Yesterday the Nebraska Project released our latest video: Nebraska’s Centenarians.
For the last year and a half, as our team traveled through Nebraska, we stopped in small towns from Pawnee City to Hay Springs to interview people who had met the 100 year mark.
When we began searching for folks who had survived a century, we didn’t know what we would find. We expected to find 5 or 10 people and hoped that half of them would be able to be interviewed. We ended up finding more people than we could get to - 21 are featured in this video - and nearly all of them were sharp, spry and funny.
We met Emma Colson who at 107 had a better memory than I do at 30. “Give me a year,” she told us, “and I’ll give you a memory.”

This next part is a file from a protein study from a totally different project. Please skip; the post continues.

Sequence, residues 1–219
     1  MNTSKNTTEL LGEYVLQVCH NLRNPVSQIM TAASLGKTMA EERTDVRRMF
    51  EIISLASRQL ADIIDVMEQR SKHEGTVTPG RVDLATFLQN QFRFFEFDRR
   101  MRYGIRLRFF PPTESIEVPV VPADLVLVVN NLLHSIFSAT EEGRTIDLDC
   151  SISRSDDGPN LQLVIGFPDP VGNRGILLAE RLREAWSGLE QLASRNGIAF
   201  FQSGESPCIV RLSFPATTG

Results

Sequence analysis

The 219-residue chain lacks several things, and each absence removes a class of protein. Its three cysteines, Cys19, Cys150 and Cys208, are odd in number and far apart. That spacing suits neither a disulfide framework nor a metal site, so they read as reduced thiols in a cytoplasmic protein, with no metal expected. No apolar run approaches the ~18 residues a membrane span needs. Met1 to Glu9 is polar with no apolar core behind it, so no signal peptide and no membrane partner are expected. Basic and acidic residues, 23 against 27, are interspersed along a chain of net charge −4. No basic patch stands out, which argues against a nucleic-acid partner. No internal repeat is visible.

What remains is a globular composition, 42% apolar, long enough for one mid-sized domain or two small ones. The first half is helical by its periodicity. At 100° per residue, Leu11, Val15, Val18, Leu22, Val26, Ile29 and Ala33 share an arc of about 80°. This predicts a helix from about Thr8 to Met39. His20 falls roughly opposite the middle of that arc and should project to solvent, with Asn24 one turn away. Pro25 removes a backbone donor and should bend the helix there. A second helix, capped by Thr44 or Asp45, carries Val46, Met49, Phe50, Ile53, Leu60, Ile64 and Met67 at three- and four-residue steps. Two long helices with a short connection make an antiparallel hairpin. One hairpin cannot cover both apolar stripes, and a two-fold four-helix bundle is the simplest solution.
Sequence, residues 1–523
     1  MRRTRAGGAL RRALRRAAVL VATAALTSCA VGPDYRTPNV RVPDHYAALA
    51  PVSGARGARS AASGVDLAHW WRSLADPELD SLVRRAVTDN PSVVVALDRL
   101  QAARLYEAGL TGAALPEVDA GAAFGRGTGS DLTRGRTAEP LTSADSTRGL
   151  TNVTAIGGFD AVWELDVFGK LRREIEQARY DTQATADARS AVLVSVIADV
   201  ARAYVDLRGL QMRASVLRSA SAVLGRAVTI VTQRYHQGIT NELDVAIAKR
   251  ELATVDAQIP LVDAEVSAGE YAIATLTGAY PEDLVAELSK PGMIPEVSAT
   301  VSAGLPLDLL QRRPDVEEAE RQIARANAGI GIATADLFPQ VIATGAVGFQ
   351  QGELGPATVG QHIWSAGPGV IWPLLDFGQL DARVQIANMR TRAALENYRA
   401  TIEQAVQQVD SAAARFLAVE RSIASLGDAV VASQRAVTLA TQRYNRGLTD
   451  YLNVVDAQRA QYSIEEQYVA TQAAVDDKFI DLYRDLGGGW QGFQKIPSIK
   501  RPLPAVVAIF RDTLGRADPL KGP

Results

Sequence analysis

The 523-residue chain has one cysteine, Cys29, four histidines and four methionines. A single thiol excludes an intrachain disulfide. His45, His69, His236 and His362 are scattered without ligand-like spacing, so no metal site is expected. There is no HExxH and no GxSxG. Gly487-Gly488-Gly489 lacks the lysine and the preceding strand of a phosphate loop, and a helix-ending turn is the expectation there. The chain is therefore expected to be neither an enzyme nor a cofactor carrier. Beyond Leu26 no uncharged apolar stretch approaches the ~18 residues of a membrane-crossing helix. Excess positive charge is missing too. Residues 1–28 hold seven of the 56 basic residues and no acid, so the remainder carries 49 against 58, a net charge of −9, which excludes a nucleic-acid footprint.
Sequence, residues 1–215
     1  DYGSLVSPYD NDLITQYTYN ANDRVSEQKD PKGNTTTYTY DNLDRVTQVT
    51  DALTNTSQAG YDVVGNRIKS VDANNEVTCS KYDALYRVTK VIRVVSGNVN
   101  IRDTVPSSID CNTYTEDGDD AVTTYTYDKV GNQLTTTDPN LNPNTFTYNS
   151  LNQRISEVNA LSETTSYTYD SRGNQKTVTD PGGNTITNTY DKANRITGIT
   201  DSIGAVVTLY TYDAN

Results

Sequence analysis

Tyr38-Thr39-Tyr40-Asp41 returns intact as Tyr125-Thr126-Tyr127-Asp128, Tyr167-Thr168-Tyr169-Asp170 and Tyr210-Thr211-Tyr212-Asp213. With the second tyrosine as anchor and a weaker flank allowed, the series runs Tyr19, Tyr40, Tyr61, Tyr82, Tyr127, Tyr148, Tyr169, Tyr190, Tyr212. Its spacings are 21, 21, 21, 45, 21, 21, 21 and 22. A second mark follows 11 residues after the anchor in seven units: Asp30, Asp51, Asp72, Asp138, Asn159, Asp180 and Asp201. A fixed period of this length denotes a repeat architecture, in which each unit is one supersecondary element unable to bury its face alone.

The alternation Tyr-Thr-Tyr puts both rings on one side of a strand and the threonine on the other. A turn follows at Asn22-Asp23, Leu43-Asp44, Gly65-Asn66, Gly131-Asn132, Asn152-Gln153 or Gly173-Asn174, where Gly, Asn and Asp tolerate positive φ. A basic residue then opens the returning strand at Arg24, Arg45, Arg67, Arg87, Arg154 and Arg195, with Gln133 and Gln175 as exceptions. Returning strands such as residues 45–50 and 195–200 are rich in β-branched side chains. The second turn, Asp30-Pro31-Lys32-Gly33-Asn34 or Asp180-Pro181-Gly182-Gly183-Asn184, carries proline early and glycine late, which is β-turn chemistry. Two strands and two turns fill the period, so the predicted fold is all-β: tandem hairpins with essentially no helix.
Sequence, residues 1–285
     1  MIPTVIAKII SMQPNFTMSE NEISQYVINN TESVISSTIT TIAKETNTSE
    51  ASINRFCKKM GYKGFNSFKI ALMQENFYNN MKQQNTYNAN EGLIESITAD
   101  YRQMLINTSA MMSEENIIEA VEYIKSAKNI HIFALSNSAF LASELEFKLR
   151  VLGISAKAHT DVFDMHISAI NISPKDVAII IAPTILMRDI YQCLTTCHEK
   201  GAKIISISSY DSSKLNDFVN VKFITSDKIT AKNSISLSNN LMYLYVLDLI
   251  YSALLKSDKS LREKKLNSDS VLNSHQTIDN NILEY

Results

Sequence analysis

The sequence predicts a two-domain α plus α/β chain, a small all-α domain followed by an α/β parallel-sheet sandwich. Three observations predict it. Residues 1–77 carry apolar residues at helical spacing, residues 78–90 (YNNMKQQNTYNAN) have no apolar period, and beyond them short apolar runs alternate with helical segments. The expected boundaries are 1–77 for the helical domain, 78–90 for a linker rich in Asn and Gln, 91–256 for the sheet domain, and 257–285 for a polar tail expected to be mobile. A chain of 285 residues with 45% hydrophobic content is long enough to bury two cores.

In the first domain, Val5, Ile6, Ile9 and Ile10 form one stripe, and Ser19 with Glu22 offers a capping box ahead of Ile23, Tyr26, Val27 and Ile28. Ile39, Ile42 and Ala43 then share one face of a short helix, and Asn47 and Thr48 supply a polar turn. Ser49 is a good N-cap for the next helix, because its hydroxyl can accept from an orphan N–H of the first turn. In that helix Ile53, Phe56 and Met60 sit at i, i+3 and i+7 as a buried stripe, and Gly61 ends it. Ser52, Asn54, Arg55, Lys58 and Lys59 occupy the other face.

We met Thelma Augustin who lived on her farm until she was 97. She was 103 when we met her and the happiest person I have ever come across.
We met Lorraine Ocampo who still loved to dance at 101 years old, Harold Heins who tried to help us carry our heavy bags to and from the car, Dorothy Mason who kept coming up with new stories every time we started to pack our equipment, and Mildred Dibbern who vigorously rode her stationary bike everyday.
One of the things I love about my job is that I learn something new everyday. Sometimes I learn how to use a new software or a new camera. Sometimes I learn something about a place I'm visiting or the place I'm from. But my favorite days are the days I get to learn about a new person.
Everyone has a story to tell, no matter how simple or obscure their lives.
Sitting with this group of incredible people - who had seen and done so much - was humbling as they shared with us their collective memory of the last century.